A King County judge will allow Tim Eyman to join the lawsuit over his car-tab initiative but won’t force the state to hire outside lawyers as Eyman has demanded.
Judge Marshall Ferguson issued several written rulings Friday allowing new parties, including Eyman, to join the case but rejecting a request for outside counsel which Eyman claimed would act as “adult supervision” over the state Attorney General’s Office.
Voters across Washington last month approved Initiative 976, which attempts to lower many vehicle registration fees to $30, roll back car-tab taxes that fund Sound Transit and do away with local car-tab fees. Local and state government agencies use car-tab tax revenues for road and transit projects.
Eyman, a longtime anti-tax activist, sponsored the initiative.
Soon after the measure passed, Seattle, King County, the Garfield County Transportation Authority and others sued and won an injunction temporarily stopping the tax cut from taking effect while the legal case is playing out.
Sound Transit is not a party to the case but also plans to continue collecting the car-tab taxes. Those higher fees charged in the Puget Sound region are calculated using a formula that overvalues many vehicles and have outraged some car and truck owners here.
As is standard with voter-approved measures, the state Attorney General’s Office is defending I-976.
Judge Ferguson’s decisions Friday capped off a week of tit-for-tat insults between Eyman and the Attorney General’s Office.
Eyman, who faces a long-running campaign finance lawsuit brought by the Attorney General’s Office, claims the state is botching its defense of the measure.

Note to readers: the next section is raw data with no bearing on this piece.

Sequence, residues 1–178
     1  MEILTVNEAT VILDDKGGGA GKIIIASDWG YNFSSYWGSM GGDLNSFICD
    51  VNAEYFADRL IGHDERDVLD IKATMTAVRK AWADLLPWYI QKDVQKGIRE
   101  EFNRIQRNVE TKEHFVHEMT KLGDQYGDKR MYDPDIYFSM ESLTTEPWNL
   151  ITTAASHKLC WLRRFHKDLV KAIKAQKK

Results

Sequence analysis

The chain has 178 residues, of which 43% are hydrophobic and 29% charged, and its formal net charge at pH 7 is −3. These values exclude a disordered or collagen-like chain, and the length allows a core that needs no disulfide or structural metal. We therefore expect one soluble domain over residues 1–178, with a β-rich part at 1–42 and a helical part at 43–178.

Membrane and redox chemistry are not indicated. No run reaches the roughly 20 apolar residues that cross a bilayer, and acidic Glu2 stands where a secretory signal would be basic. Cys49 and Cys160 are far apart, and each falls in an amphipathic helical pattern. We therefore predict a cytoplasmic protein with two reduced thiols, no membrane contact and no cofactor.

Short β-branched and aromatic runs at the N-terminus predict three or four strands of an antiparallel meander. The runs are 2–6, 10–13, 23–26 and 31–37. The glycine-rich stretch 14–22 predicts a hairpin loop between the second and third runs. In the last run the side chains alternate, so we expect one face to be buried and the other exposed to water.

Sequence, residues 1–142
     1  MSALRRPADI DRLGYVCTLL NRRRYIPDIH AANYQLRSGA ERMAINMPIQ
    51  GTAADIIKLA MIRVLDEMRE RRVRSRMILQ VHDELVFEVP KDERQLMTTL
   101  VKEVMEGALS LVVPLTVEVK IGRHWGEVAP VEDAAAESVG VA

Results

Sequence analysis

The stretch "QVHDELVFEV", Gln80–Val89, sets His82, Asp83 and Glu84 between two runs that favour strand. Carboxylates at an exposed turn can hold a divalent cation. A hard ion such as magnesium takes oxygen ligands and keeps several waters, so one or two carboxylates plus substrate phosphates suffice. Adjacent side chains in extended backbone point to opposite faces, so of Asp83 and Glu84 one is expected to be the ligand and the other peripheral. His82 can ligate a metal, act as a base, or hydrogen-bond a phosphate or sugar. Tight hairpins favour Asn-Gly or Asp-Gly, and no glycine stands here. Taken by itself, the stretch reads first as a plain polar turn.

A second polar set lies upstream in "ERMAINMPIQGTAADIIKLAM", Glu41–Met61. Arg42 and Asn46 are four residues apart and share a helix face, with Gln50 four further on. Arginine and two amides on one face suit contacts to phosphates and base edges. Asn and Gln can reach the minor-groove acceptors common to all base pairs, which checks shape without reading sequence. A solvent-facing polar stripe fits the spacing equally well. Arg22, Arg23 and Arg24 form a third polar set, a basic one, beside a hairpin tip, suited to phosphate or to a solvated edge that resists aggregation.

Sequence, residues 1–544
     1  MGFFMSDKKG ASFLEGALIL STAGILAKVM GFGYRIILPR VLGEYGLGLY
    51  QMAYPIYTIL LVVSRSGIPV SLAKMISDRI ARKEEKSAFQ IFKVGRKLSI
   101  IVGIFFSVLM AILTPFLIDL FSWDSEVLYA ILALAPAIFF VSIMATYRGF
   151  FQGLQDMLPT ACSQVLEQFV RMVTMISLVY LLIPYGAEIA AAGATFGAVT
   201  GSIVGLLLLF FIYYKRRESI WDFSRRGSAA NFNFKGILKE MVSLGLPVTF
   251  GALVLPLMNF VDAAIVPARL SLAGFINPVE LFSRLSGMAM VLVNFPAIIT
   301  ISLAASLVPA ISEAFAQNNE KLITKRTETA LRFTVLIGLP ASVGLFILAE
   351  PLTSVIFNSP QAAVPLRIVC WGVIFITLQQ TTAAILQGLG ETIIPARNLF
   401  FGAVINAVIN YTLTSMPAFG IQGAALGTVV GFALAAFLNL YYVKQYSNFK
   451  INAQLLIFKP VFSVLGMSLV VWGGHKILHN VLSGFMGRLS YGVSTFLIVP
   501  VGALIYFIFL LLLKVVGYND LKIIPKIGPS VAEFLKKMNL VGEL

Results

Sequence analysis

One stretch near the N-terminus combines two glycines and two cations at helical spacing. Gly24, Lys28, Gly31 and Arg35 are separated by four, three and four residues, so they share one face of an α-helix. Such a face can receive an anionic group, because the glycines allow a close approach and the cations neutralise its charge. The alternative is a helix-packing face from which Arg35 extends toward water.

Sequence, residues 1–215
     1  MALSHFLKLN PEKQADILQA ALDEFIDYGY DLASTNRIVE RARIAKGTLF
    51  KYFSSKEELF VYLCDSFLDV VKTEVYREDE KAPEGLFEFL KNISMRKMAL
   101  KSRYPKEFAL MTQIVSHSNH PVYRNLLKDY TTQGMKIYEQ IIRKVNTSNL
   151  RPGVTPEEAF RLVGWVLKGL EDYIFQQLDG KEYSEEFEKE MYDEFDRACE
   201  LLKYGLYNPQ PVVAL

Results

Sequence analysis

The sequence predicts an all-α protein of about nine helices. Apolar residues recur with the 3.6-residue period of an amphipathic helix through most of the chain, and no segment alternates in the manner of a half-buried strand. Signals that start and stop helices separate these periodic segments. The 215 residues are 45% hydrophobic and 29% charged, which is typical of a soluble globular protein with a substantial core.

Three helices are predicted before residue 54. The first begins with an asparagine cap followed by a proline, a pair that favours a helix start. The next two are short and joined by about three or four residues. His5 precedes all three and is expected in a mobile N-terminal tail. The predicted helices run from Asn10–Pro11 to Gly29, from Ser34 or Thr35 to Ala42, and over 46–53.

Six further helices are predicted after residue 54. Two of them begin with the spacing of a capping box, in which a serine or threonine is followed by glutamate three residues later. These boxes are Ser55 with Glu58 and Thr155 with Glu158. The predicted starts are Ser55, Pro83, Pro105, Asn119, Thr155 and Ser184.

Eyman held at least three media events this week to criticize the state’s legal work. He repeated claims that Attorney General Bob Ferguson is conflicted, his office has failed to vigorously defend the measure and the case should have been moved out of King County.
Washington State Solicitor General Noah Purcell issued a lengthy statement about Eyman’s claims Wednesday.
“Mr. Eyman says we are sabotaging defense of the initiative because he sent us ideas for arguments to include in our briefing and we didn’t make them,” Purcell said. “But we researched every argument he sent us, and they were terrible arguments.”
Being an intervenor in the case will allow Eyman and others to make arguments and motions before the judge, but does not necessarily mean the Attorney General’s Office will coordinate with Eyman on the case.
Eyman on Friday slammed the judge’s decision as solidifying “Bob Ferguson’s sabotage of I-976” and a “kangaroo court.” The Attorney General’s Office said in a statement “we welcome” the other parties to the case.
Despite no scheduled in-person hearing on Friday’s orders, Eyman invited supporters and reporters to the hallway outside Judge Ferguson’s courtroom Friday, where Eyman said he had tried to get an in-person hearing.
The Attorney General’s Office pointed out on Twitter that Eyman’s lawyers had requested the judge consider the motions without oral argument, meaning there would be no hearing. An attorney for Eyman later said he didn’t believe they would get an in-person hearing until after the new year, so he sought the decision sooner.
Voters are frustrated the measure is on hold, Eyman said Friday. “The vote ought to get the job done,” he said.
The judge on Friday also allowed Pierce County to join the case in defense of I-976 and granted a request to intervene from Franklin County Commissioner Clint Didier who was described as “a taxpayer, a vehicle owner, and a registered voter who voted in support of I-976.”
In the order denying outside counsel Friday, the judge did not explain why he refused Eyman’s request but dinged Eyman and his allies for filing the request before they were actually granted permission to join the case.
The judge went ahead and considered their request “in the interest of judicial economy,” he wrote before issuing a warning: “The Court will not permit parties or proposed intervenors to run roughshod over court rules and procedural requirements.”